I think everyone acknowledges healthcare is broken. Is Medicare-for-all the answer, or will this further remove pricing signals from the system? I think a lot of healthcare price inflation is driven by pricing being so opaque. I could see some sort of regulation-based approach where price hikes (thinking pharma and hospital services) are heavily scrutinized but health insurance returned to more of an auto-insurance model where the focus is on catastrophic coverage and encourage various low-cost frontline solutions that have emerged like telemedicine, providers in pharmacies, etc versus the current model which is more like a payment subscription plan with some catastrophic coverage. I especially worry that it becomes another perpetually underfunded program that just adds more and more debt to the burden of future generations where we’ll be fucked if the US dollar ever stops being the world reserve currency.

Unrestricted capitalism is terrible for society and the environment but I feel like many of the proposed solutions would be worse, not better. This analysis of the unintended consequences of Warren’s wealth tax plan comes to mind. He has an older post addressing some of Sanders’ plans from the 2016 cycle I can dig up if people are interested. And for those who are unfamiliar, Kennon is not your normal critic of liberal ideas, he and his husband specifically moved their business to California despite the unfavorable tax climate because they valued a state with strong protections for LGBT surrogacy.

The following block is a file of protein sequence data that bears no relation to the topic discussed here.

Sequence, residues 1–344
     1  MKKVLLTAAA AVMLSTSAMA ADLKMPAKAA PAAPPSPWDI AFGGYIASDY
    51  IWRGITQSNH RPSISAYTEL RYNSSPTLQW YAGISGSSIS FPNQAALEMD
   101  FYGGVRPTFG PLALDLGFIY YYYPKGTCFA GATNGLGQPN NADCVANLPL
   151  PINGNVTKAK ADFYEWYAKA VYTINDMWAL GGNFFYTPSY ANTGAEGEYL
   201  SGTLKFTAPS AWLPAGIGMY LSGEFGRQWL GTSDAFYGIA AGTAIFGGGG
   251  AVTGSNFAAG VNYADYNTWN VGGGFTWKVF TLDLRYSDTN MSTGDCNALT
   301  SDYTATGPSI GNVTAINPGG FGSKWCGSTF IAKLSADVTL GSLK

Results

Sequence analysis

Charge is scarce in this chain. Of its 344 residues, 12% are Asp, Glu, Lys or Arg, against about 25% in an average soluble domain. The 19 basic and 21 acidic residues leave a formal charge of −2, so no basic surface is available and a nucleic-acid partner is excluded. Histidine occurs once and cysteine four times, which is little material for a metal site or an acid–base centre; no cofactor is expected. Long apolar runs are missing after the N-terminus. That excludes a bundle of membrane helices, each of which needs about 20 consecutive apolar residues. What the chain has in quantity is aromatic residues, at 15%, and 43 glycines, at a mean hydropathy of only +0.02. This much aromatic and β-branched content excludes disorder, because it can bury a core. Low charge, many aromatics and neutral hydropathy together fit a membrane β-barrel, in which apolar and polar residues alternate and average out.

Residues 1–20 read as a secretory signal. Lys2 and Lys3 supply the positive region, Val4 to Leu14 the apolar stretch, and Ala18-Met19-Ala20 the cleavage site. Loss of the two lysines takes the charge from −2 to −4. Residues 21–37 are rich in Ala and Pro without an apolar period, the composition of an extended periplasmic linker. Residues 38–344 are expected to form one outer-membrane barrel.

https://www.joshuakennon.com/lets-talk-about-elizabeth-warrens-proposed-wealth-tax/

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I forgot to include that I particularly detest deregulating environmental protections but, on the other hand, I worry that so much about environmental policy (especially surrounding climate change) continually displays fundamental misunderstandings about sustainable let alone regenerative agriculture. Happy to expand on that if people are interested :slight_smile: